Shamed American cyclist Lance Armstrong believes the time is coming when he should be forgiven for doping and lying - and says he would probably do it again.
Armstrong was stripped of his record seven Tour de France titles and banned from sport for life by the United States Anti-Doping Agency in August 2012.
Armstrong told the BBC that if he was racing in 2015 he would not do it again because "I don't think you have to".
But if you took him back to 1995, when doping was completely pervasive, he says he would probably do it again.
Armstrong was speaking in his first television interview since confessing to Oprah Winfrey two years ago that he had used performance-enhancing drugs during his career.
He aggressively denied the claims until Usada's 200-page "reasoned decision" - complete with 1000 additional pages of evidence - was released in October 2012.
But Armstrong finally confessed in a two-part interview with US talk-show host Winfrey in January 2013.
He was forced to step away from the cancer charity he had founded and has since kept his counsel, save for a handful of print interviews.
Speaking in his hometown of Austin, Texas, Armstrong said "the fallout" from his confession had been "heavy, tough, trying and required patience".
The father-of-five says his life has "thinned out" and "slowed from 100mph to 10", but added he would like to return to "50, 55".
As for whether the world was ready to accept his return to public life, Armstrong said: "Selfishly, I would say 'yeah, we're getting close to that time''.
"But that's me, my word doesn't matter any more. What matters is what people collectively think, whether that's the cycling community, the cancer community.
"Listen, of course I want to be out of timeout, what kid doesn't?"
Armstrong was asked if he would make the same choice to cheat that he made in 1995.
He said: "When I made the decision, when my team made that decision, when the whole peloton made that decision, it was a bad decision and an imperfect time.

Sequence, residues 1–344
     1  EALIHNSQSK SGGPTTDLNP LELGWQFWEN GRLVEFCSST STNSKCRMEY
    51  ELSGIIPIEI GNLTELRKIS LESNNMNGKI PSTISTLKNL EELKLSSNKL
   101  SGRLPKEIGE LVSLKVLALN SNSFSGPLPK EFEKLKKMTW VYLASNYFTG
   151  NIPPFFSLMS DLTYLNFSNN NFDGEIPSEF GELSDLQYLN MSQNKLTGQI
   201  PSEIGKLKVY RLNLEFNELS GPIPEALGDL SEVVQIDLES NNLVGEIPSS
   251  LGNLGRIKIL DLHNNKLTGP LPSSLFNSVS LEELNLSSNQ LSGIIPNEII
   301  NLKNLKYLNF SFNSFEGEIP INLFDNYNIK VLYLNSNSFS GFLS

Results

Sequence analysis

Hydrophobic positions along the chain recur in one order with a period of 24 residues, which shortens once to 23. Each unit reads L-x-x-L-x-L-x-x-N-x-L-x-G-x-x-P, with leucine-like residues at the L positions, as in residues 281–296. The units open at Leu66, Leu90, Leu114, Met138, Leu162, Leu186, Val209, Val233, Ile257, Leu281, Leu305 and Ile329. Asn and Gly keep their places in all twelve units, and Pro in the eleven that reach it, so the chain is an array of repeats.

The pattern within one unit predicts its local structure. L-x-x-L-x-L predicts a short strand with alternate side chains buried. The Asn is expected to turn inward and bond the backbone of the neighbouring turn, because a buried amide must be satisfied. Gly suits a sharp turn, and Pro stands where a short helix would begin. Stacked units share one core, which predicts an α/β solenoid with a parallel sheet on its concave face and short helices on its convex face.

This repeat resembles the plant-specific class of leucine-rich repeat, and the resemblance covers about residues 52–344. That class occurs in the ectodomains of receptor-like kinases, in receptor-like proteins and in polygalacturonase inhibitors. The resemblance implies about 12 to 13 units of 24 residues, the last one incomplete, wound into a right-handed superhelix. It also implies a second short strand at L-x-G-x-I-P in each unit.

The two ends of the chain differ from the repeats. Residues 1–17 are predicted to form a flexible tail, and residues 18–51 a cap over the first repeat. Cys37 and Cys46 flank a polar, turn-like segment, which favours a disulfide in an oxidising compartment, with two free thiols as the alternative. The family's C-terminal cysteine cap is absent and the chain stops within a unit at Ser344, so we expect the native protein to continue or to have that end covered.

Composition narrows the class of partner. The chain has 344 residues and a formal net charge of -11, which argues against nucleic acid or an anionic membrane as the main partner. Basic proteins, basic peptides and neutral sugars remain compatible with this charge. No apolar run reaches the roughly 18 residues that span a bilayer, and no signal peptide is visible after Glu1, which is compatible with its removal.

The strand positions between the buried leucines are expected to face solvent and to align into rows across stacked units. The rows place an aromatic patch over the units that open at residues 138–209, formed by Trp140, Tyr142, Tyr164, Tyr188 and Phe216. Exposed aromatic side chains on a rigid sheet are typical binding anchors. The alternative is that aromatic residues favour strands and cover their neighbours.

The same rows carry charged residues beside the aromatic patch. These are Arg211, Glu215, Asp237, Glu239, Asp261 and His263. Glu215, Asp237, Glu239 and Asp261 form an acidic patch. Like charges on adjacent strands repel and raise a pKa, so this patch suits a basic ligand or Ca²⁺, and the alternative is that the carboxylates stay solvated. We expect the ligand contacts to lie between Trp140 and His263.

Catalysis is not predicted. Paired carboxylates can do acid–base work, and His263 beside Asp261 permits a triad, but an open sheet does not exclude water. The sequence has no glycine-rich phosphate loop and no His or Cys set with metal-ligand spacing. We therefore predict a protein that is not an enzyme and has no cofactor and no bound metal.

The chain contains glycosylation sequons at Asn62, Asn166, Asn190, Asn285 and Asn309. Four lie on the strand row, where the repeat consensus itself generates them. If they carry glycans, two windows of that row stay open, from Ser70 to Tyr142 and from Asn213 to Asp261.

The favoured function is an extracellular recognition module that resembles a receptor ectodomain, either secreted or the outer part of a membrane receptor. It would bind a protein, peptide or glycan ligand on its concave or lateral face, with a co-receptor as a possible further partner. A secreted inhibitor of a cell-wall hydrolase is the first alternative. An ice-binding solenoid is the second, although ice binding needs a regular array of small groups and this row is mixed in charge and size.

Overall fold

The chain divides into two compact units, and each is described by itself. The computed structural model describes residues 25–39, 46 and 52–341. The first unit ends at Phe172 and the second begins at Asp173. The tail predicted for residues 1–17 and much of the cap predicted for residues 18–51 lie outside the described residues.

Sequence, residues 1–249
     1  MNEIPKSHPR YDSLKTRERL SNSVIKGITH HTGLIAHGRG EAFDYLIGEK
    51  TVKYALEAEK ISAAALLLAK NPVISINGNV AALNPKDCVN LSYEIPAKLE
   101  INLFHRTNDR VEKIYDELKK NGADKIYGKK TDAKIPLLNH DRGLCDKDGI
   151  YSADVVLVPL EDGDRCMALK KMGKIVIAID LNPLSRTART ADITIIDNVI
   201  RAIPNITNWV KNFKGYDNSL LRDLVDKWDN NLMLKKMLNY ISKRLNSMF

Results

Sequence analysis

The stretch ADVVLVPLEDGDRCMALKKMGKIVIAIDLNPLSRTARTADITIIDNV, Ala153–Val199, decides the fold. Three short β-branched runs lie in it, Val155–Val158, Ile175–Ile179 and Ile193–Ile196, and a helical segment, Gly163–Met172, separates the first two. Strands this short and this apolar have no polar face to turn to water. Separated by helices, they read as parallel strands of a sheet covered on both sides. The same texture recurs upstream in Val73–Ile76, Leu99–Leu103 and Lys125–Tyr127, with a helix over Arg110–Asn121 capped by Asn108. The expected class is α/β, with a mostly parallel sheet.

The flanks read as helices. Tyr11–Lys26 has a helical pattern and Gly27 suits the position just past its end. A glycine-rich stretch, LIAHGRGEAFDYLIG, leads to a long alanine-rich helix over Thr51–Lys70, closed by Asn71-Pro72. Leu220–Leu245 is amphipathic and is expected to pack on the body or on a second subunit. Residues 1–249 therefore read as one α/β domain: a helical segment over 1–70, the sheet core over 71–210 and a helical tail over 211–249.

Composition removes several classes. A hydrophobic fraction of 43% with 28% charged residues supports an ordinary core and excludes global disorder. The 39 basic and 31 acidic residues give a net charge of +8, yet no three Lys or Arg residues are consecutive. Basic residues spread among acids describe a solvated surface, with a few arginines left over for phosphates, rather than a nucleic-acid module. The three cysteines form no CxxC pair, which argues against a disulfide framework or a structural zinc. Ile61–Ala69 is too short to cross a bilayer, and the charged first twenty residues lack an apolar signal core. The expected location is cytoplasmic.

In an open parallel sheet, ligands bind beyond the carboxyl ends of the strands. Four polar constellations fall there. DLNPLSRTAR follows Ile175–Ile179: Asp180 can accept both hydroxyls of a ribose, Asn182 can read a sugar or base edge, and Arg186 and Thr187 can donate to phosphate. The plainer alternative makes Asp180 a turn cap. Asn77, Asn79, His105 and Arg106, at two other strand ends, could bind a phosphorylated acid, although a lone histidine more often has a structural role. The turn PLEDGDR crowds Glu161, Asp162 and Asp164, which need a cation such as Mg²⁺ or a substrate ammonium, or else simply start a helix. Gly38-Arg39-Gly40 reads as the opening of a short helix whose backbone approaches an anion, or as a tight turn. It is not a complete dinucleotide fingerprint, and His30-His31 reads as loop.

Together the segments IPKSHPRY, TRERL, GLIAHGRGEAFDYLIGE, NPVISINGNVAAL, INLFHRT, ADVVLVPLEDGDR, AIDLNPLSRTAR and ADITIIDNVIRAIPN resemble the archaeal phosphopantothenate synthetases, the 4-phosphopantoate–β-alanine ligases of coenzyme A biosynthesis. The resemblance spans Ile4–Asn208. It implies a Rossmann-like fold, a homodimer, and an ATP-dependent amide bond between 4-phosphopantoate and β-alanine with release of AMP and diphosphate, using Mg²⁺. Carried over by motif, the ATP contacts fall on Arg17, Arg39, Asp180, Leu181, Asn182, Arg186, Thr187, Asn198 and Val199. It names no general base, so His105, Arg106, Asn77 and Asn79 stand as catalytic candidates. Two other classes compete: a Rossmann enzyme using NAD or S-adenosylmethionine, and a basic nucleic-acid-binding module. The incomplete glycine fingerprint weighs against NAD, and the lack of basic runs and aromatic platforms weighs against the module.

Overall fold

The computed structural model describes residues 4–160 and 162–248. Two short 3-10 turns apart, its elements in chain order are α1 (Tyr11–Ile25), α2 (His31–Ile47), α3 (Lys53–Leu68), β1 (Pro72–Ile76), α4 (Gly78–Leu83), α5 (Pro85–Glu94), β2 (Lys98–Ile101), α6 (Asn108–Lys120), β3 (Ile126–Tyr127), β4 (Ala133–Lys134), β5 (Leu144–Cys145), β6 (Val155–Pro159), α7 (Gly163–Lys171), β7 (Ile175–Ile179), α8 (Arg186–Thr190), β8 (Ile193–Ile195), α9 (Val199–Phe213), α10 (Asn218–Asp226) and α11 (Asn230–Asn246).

"But it happened. And I know what happened because of that. I know what happened to the sport, I saw its growth."
Armstrong said sales at his bicycle supplier Trek Bicycles went from $US100 million to $1 billion and his charity foundation went from "raising no money to raising $500 million, serving three million people".
He added: "Do we want to take it away? I don't think anybody says 'yes'."
Armstrong did admit to "unacceptable and inexcusable" behaviour towards other people during his career.
Former rider Filippo Simeoni angered Armstrong by testifying against his coach/doctor Michele Ferrari in a 2002 Italian doping case.
The American called him a liar and denied the Italian a stage win in the 2004 Tour.
Armstrong also responded with legal threats and personal smears when Emma O'Reilly, a masseuse at his US Postal team, provided some of the earliest details on his doping.
"I would want to change the man that did those things, maybe not the decision, but the way he acted," he continued.
"The way he treated people, the way he couldn't stop fighting. It was unacceptable, inexcusable."
Armstrong added he had been "an arsehole to a dozen people" and had spent the past two years trying to make amends, with varying results.
The 43-year-old was equally forthright on what should happen to his Tour titles, which have not been reallocated, such was the extent of cycling's doping problem at the time.
"I think there has to be a winner, I'm just saying that as a fan," he said.
"There's a huge block in World War One with no winners, and there's another block in World War Two, and then it seems like there's another world war."